Neural nets are currently the most hyped format for artificial intelligence. What are they? Basically they are an attempt to emulate a brain by building a mathematical pattern recognition process with a network of nodes. Neural nets underlie many recent image and speech recognition and generation advances.
The contemporary neural net resurgence is often traced to Geoffrey Hinton whose work gave rise to convolutional neural networks. Convolution is mathematical treatment of matrices of values; but it can also be understood as simple feature extraction since it’s been used in image processing to find outlines and edges. What the neural nets do (at a very simple level) is find those edges, compare the similarity of those edges in data, then cluster the edges that are similar, apply the filter again, repeat. Essentially building a weighted graph: lines between nodes in a network, thick lines have more weight suggesting connection. Treating any data in this way gives rise to surprising insights. For examples the sentiment or emotion in language can be extracted (for more info: here’s a very brief review I wrote of Socher’s 2014 sentiment treebank).
Margeret Boden (whose exhaustive Mind as Machine 2 volume history of cognitive science is the canonical reference for 20th century cybernetic history; at 1452 pages with 134 pages of references, it includes references to all of the major figures) wrote:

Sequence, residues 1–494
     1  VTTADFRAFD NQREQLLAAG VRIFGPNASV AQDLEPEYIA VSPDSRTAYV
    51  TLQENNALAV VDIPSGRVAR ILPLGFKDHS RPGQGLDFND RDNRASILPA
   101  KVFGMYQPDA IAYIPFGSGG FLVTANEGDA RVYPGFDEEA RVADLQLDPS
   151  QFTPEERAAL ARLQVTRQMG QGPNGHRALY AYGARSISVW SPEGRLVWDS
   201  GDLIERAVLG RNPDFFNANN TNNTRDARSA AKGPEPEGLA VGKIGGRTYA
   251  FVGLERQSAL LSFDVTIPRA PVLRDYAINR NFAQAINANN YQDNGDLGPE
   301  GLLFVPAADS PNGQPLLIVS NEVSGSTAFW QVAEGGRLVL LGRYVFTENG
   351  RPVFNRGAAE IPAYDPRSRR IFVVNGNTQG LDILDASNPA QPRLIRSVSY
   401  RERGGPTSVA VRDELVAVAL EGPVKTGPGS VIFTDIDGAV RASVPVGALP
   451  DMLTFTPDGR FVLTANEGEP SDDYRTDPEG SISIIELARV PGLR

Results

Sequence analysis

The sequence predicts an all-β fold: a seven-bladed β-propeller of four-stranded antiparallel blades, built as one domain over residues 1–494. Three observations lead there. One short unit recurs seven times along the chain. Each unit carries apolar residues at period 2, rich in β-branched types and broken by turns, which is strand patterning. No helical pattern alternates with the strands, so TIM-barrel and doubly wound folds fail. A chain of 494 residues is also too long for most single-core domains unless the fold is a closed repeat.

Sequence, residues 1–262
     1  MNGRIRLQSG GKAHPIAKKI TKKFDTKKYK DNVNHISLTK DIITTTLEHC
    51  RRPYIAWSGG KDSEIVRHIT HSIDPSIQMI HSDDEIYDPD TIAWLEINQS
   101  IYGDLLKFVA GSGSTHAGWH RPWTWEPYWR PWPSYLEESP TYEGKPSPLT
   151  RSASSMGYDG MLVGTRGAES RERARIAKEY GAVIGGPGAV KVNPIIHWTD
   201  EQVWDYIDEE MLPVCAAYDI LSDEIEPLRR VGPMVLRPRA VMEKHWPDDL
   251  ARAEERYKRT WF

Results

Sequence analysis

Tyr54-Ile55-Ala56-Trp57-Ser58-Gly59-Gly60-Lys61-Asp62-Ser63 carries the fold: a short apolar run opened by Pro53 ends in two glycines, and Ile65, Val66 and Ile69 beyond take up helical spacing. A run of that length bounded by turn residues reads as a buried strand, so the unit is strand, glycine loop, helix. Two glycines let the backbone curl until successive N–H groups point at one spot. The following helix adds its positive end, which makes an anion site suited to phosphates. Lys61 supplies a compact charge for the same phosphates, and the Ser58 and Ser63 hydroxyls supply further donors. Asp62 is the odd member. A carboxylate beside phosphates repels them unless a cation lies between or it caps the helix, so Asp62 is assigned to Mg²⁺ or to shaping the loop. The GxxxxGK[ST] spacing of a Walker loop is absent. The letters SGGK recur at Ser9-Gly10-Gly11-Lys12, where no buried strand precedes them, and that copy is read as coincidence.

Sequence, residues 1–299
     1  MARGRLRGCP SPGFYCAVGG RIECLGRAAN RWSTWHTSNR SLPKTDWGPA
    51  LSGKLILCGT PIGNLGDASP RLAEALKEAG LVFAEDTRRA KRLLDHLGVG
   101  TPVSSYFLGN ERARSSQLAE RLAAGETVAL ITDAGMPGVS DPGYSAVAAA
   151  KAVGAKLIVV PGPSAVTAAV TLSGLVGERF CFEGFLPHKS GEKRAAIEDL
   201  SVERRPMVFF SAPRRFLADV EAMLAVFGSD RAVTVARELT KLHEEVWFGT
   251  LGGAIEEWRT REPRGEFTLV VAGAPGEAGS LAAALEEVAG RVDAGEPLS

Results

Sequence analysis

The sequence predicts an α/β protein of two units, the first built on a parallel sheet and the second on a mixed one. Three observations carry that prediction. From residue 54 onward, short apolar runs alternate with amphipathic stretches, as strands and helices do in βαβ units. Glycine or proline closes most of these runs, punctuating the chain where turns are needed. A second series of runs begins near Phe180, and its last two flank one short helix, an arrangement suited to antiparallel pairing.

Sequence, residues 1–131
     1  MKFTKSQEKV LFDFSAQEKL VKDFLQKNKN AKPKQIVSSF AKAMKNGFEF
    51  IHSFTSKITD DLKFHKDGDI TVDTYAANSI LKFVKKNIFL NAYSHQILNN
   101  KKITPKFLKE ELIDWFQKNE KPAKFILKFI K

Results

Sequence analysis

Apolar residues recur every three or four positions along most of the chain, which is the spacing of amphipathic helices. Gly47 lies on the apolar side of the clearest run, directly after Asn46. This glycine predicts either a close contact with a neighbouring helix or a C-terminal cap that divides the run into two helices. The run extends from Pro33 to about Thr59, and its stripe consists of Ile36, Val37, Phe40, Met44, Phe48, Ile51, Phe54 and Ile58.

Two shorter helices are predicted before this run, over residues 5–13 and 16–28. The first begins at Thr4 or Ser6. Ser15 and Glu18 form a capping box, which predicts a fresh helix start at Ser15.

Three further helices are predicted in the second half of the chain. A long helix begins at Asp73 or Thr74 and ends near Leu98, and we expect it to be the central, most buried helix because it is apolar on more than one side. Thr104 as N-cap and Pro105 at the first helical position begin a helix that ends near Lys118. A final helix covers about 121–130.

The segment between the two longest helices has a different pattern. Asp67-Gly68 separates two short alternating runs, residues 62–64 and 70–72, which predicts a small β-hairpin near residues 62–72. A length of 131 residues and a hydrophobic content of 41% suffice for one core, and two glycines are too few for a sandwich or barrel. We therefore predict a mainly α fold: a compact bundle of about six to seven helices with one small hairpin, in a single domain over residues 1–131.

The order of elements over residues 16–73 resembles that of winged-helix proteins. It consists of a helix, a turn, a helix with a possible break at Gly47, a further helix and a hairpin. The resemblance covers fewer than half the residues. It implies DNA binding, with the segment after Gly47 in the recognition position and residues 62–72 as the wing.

The entire project I want to achieve is a library of traditional Chinese poems. The project contains several levels of contents:
2. Translations to both modern vernacular Chinese and English
3. Related history of Chinese characters, from oracle bone inscriptions to nowadays traditional Chinese character (Since simplified Chinese ignored quite a lot from the original features
4. Data visualization of the poem library
5. Presentations of the poems themselves
However, since the project is too large to be completed within one semester, I would like to focus on some poems from a certain period. Namely, I would like to build a database of poems from 1100BC to 600BC from the Book of Songs with contents, translations, related Character history and then visualize it.
There are some databases of the poems on the Internet and on traditional printed books.
http://so.gushiwen.org/gushi/shijing.aspx?WebShieldDRSessionVerify=DVuuDtxmk1A7slIVY6G1 Here is an example of Internet version of the book. It already contains translation to modern vernacular Chinese and some notes. However, I would like to make reference to the book published in 1991 by 中华书局 written by Cheng Junying. The reason why I want to do that is that the translations can be quite different, especially after the Confucianists give a highly idealised idea to the songs, basically known as 思无邪 in Chinese ( pure and innocent). This makes the comprehension quite different from what it was, and the scholar Cheng Junying tries to find the original meaning of the poems. However, to add the Confucianism translation of the poems is also interesting, since these different versions of comprehensions already form a kind of network.
Next thing to do is to find history of the key words in the poem. 甲骨文编 published by 中华书局 in 1965 can be a good reference for this part.